After turning the last page of this book, like many others, I too was left with an emptiness, but the strange thing about it was that I didn't feel like filling it with anything. Especially hope, the hypocritical, stalker of a wily worm hope which creeps in like a disguised devil to fill you up with a sense of redemption, holding in abeyance the banal devil this life is. So, inevitably when the gruesome reality strikes, destroying all hope, you find yourself stranded and deserted, because with all your might you were holding onto this faith, but now you've lost it, only to find it creeping in again.

Not all of us have to face such ordeal with life, but Sophie had to. Being a survivor of one of the darkest chapters in the history of mankind, Auschwitz, there are some traits which we would all expect in her: Anxiety, paranoia, inferiority complex, melancholy, apathy, they are all there, but there's love too. Mad, unreasonable love for her savior Nathan, who loves her the same and claims her to be his own. But, the humbug stability that Sophie yearns for, is never to be found. You know why? Because of hope, that someday everything will be alright knowing in her heart that that's not possible, rendering herself ever on the verge of ending her perdurable life, which seemed so irrelevant, precarious, merciless.

“I have learned to cry again and I think perhaps that means I am a human being again. Perhaps that at least. A piece of human being but yes, a human being.” - Sophie

Perhaps, she was not a human being before, because what she saw and went through was not human? NOT HUMAN? We really need to understand that it's only humans who are capable of such atrocities and it's only humans who can endure them. As Styron rightly puts it “For did not Auschwitz effectively block the flow of that titanic love, like some fatal embolism in the bloodstream of mankind”?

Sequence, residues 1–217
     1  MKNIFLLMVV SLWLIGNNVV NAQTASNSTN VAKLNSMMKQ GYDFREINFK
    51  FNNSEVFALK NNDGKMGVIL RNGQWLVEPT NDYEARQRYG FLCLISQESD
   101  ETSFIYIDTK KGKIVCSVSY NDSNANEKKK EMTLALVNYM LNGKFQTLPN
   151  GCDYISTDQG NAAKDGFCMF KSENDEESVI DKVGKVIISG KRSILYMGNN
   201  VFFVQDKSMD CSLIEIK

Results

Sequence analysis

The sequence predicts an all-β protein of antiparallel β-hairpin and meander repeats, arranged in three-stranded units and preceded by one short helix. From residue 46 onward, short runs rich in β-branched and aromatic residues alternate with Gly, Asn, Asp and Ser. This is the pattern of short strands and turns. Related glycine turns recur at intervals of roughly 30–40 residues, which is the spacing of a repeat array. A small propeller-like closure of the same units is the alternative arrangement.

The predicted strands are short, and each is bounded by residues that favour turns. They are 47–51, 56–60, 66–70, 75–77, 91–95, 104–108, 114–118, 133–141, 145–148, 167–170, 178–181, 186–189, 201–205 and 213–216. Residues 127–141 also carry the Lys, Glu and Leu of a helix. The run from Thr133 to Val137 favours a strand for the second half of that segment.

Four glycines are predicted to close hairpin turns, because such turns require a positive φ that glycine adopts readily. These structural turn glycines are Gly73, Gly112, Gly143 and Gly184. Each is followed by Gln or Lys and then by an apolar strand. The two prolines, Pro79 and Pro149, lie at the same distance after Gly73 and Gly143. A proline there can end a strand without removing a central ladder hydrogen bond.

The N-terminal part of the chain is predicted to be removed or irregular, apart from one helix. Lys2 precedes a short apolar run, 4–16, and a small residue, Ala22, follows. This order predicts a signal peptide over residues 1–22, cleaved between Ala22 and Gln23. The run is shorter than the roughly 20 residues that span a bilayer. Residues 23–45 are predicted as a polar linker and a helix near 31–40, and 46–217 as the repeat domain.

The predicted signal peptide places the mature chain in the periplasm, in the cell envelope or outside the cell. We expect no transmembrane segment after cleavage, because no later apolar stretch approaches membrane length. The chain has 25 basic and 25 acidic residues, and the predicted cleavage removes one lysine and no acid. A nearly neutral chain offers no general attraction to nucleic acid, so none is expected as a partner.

One of the things I particularly liked about this book is the first person narrative of the amatuer 22 year old Stingo, because perhaps the facts that he hadn't seen much of this brute world, had carried the guilt of his ancestral slavery, had found first real friends in Sophie and Nathan, altogether gave an indispensable fresh voice to this tragic tale. Of course, the credit goes to the brilliance of William Styron.

In the last few pages, Styron reveals the choice that Sophie had to make and live with. The choice that drives her remaining life with unendurable guilt because she really couldn't choose. “Don’t make me choose, I can’t choose.”. But after all she did choose: to breathe, to salvage, to hope that someday the meaning of it all will reveal itself and she will "understand". .

While I'm pretty sure, I'm never going to meet people like Sophie, Nathan, or Stingo, but having known them in these last few days, they will forever be the three unforgettable strangers I almost "understood".